I think it is funny how some of use look at the fog effect like an art form. Its like we can't help ourselves.

I'll throw in one somewhat thread relevant remark... it is absurd that there isn't some sort of intermediate heat function that will maintain the heat. I'd think a $150 fogger would do it. A $20 400watt from Walmart? Not so much. But a $150 fogger that runs at 800 watts? Yes.

I don't think you'll find the "perfect" interval/duration beyond what you already know. It just doesn't exit with a fogger that lets its heating element cool while it sits during the "interval" time out.



Even though I have 9 foggers I only use 3 to fog my yard through chillers and it is plenty. My 4 watt foggers are placed inside of coffins, cauldrons, and other props etc for just effect.
 

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Yea I don't use all 9 machines to fog my yard. It is only 20'x40' in size and I use 3 to fog the yard through chillers and it is plenty (2 1200w, 1 1700w). I like to over due things sometimes and live by the Navy rule that 2 is 1 and 1 is none if you know what I mean. The other machines are low wattage machines 400-700w that are stuck in props like coffins, cauldrons, etc. Those I use to straight up fog so it billows out and up. I also have 325 usable amps to work with for my display that was installed just for Halloween and Christmas. Halloween doesn't use that much but my Christmas pushes just over 125 amps.

I personally wouldn't suggest a continuous fogger for outdoor use. You have to factor in wind etc. and those things burn up ALOT of juice. I just don't think they are practical for outdoor use.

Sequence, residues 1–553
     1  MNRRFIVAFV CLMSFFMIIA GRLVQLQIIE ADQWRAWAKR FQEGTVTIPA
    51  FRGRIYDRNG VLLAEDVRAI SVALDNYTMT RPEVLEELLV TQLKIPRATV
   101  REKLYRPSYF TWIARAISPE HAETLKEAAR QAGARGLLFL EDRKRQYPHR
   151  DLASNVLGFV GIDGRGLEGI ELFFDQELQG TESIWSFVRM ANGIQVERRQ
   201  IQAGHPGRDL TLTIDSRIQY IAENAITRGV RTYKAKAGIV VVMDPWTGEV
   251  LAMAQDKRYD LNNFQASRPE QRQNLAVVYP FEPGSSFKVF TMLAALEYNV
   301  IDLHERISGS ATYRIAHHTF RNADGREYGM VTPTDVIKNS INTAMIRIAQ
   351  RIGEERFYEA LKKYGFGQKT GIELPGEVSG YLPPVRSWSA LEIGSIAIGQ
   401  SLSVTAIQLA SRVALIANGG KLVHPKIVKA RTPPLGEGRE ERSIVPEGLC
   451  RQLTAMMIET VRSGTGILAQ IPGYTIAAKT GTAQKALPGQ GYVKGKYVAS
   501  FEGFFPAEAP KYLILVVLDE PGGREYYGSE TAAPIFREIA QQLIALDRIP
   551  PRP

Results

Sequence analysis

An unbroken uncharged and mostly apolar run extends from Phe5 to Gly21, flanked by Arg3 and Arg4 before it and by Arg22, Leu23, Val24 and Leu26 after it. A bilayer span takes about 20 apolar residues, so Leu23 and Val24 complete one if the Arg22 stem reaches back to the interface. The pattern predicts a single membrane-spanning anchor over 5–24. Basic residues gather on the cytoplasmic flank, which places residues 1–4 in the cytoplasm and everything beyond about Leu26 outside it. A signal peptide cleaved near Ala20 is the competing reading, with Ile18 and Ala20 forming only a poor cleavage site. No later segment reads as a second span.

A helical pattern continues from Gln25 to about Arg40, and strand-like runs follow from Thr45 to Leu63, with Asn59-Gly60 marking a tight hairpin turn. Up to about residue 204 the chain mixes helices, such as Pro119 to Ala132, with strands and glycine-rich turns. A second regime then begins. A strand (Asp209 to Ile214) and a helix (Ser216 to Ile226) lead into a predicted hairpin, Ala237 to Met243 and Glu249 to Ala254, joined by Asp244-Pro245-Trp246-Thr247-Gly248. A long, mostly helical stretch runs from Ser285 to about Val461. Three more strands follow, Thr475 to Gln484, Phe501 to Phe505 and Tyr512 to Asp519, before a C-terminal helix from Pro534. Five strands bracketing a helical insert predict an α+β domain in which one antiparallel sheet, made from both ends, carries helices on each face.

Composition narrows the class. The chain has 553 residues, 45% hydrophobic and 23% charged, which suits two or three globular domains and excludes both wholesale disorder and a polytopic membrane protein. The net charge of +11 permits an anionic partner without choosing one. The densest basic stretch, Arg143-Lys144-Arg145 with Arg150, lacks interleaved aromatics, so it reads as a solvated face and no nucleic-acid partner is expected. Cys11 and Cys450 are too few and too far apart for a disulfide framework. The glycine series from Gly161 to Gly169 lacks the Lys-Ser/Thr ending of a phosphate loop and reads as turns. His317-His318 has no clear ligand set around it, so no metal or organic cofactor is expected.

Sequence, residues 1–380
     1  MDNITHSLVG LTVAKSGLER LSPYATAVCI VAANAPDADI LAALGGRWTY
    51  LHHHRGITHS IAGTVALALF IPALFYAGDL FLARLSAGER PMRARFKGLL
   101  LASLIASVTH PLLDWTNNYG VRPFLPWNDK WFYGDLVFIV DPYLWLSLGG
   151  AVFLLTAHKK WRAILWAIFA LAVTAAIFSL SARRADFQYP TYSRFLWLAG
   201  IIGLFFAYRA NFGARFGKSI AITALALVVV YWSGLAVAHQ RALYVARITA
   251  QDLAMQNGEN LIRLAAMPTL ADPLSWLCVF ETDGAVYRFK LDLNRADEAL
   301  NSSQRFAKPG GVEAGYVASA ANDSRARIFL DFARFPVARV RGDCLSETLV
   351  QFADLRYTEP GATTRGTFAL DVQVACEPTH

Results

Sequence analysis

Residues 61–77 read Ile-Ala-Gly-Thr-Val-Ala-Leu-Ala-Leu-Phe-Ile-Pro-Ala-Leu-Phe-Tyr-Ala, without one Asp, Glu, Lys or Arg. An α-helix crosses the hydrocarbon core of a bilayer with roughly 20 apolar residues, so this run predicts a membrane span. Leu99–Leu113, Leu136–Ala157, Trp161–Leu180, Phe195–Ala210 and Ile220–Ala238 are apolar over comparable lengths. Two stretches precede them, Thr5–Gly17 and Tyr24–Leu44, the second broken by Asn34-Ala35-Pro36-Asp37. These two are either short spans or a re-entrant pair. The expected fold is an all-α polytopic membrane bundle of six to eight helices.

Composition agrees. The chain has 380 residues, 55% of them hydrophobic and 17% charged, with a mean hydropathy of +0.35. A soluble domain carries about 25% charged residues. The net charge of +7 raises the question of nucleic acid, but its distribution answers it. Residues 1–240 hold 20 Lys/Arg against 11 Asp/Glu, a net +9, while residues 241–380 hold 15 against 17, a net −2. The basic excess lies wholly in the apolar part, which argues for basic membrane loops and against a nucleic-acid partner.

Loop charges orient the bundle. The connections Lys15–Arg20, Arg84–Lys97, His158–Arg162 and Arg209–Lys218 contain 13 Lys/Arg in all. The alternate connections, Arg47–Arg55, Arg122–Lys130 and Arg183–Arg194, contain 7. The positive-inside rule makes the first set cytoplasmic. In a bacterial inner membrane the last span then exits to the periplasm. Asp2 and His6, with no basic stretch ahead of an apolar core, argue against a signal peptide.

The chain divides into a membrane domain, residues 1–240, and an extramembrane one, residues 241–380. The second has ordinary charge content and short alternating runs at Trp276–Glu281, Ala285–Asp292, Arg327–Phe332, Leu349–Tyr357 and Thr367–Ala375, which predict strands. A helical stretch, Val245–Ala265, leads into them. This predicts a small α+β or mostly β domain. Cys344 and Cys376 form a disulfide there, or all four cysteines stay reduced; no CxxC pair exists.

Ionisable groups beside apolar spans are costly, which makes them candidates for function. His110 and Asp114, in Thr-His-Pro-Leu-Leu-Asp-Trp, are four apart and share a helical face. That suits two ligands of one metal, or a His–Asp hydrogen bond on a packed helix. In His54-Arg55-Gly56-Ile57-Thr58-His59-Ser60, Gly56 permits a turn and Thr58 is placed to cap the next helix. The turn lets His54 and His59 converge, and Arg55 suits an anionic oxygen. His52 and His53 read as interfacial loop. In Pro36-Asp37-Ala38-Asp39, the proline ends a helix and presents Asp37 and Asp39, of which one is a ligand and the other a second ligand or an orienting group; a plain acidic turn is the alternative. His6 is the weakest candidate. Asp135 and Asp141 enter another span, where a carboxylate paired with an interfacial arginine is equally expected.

You have the backyard that is slopped and runs down hill right? If so it would be a lot easier because it will run down hill. A lot of factors come into play. Like I mentioned in the other thread, power. How much power do you have to use since high wattage foggers use a lot of power. Wind comes into play, how much do you have this time of year and what direction does it come across your yard even if it is just a breeze.

IMO for a 50x50' yard I think you are right with thinking 3 foggers to do it right. I would do this though. You have to keep in mind power consumption and how much power you have to use. So to keep that low I would go with 3 1200w machines. Lay them out as shown in the below. The machines would be at the top of your yard close to the house to cut down on your power runs. I would then place them 15-16' from the end and between each fogger. I would then have them connected to vortex trash can chillers. From those chillers have them connected to the 4" drainage tube straight down to the back. This should fog things nicely and keep everything even. See the illustration below.